In the state legislature Norco is located in the 37th Senate District, represented by Republican Bill Emmerson, and in the 71st Assembly District, represented by Republican Jeff Miller. Federally, Norco is located in California's 44th congressional district, which has a Cook PVI of R +6 and is represented by Republican Ken Calvert.
City politics can be quite heated, with long time friends and allies becoming outspoken critics of one another in the biannual City Council Elections.
In 2003 Norco became a Charter City for the express purpose of protecting and preserving animal keeping rights. The Charter was not extensive, maintaining all aspects of California's General Law provisions except in three areas: horse trails, lot size, and animal keeping rights. To change any ordinances in Norco relating to those three topics requires a supermajority (4/5 ths) vote of the City Council.
According to the City of Norco, the major area employers are Corona-Norco Unified School District with 5,215 employees, California Rehabilitation Center with 1,146 employees, and Naval Surface Warfare Center with 1,010 employees.
As a horse community, there are few sidewalks in the city of Norco; instead there are horse trails. Riders can ride to town and tie their horses at the many hitching rails and corrals placed close to businesses. There are many associations that are a part of the city, including the Norco Horsemen's Association and the Norco Junior Horsemen's Association. Politics in Norco also are dominated by concerns about horses and animal-keeping vs. suburbanization, a battle that has played out over development in the Norco Hills. In that area, which borders eastern Corona and Riverside, an influx of Orange County commuters are buying homes for $500,000 and up that have few provisions for animal-keeping—regarded by longtime residents[who?], who believe their town's character is in jeopardy, as an affront. The original spirit of the town's incorporation was to promote "City living in a rural atmosphere".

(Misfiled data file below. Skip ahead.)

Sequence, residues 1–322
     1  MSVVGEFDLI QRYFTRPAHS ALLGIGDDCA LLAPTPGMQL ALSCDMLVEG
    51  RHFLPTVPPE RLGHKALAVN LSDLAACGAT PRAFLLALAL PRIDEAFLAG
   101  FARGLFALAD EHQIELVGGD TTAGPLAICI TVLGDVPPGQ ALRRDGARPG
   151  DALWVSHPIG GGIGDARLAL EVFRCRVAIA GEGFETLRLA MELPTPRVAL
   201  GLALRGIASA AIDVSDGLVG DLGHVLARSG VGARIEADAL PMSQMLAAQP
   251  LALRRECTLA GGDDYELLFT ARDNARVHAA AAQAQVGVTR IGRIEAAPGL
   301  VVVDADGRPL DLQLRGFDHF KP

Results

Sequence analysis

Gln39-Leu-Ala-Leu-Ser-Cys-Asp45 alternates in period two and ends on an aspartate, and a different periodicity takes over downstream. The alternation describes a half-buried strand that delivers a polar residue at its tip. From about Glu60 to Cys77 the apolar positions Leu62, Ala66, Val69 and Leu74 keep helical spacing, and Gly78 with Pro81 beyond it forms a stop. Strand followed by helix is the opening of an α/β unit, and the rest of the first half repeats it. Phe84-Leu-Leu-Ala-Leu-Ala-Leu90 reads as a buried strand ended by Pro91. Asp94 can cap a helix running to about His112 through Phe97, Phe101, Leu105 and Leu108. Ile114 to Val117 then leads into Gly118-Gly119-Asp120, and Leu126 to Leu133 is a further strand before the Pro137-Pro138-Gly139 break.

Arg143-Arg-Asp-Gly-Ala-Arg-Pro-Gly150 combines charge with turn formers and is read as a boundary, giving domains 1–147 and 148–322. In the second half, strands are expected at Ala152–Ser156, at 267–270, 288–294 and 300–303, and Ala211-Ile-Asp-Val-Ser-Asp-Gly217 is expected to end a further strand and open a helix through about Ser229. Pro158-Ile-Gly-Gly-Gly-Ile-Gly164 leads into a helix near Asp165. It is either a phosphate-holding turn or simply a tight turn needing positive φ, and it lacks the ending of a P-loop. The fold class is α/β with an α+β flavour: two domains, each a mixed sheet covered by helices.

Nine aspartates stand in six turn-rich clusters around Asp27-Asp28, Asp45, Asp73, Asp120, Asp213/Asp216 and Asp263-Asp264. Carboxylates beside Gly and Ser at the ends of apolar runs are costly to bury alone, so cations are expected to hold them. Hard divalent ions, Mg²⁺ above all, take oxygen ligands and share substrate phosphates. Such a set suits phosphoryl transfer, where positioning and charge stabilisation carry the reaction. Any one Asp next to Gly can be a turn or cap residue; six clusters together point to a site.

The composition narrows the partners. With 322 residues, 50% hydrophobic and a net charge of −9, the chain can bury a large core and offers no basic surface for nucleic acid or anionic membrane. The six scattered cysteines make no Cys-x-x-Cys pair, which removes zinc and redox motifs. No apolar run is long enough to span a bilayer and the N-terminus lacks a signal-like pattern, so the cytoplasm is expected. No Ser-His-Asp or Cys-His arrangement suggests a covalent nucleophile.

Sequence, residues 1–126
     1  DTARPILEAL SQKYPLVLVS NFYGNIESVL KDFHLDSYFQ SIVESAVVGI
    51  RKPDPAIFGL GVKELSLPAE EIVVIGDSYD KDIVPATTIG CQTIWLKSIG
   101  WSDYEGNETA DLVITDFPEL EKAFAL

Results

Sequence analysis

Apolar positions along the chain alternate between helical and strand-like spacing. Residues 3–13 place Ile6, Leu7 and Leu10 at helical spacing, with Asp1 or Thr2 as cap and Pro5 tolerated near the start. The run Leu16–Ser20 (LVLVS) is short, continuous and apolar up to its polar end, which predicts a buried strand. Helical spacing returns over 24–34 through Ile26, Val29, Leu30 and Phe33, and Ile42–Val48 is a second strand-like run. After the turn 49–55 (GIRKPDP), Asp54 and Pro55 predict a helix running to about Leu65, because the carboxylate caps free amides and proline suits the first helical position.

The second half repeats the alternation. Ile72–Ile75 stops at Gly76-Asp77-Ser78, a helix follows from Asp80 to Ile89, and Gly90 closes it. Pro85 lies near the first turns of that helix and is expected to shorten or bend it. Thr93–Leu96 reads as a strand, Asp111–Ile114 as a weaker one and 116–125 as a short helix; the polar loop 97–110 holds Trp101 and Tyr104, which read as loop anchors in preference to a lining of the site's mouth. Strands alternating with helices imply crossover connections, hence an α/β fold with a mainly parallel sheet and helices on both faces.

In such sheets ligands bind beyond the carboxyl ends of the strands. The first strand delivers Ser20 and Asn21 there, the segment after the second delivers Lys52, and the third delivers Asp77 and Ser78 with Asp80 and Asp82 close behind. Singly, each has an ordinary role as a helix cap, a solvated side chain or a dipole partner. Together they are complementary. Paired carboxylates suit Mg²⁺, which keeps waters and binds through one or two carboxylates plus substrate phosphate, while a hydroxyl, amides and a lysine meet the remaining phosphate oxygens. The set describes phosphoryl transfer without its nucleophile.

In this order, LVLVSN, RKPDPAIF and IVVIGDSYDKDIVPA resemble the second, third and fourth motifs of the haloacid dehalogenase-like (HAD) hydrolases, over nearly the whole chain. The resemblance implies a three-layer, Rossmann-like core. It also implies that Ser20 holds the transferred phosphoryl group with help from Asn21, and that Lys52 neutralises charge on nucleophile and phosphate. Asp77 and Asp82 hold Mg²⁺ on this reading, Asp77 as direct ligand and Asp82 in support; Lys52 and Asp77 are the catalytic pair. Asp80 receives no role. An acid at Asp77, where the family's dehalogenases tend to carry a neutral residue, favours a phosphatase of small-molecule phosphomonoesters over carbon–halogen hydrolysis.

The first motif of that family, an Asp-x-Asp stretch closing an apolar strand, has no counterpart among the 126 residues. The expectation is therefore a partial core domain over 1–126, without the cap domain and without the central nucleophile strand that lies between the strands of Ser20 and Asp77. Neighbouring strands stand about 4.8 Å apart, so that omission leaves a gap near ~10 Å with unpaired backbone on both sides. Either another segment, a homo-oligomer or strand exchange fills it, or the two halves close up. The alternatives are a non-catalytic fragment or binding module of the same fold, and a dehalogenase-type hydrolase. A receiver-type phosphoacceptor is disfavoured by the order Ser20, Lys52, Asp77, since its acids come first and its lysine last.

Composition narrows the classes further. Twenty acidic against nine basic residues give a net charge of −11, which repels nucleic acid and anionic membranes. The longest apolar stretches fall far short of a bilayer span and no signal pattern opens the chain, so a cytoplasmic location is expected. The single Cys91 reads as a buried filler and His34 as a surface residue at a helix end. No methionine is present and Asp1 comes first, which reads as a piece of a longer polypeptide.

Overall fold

In 2006 Norco began promoting itself as "Horsetown U.S.A". A large cement mural with this logo and reliefs of horses can be seen on the freeway near the I-15 southbound onramp at 6th St. The nickname can also be found on stickers and other promotional items sold around town.